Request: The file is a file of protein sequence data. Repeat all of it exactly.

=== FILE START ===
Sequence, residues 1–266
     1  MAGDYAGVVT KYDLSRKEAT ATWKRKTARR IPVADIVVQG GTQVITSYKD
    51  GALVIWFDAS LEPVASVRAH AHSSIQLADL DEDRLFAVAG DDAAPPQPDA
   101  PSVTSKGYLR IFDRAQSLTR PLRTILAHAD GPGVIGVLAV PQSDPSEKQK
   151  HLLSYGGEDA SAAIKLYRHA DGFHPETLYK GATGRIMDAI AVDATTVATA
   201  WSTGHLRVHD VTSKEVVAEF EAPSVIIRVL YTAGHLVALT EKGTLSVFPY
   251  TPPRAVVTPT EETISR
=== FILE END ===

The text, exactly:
Sequence, residues 1–266
     1  MAGDYAGVVT KYDLSRKEAT ATWKRKTARR IPVADIVVQG GTQVITSYKD
    51  GALVIWFDAS LEPVASVRAH AHSSIQLADL DEDRLFAVAG DDAAPPQPDA
   101  PSVTSKGYLR IFDRAQSLTR PLRTILAHAD GPGVIGVLAV PQSDPSEKQK
   151  HLLSYGGEDA SAAIKLYRHA DGFHPETLYK GATGRIMDAI AVDATTVATA
   201  WSTGHLRVHD VTSKEVVAEF EAPSVIIRVL YTAGHLVALT EKGTLSVFPY
   251  TPPRAVVTPT EETISR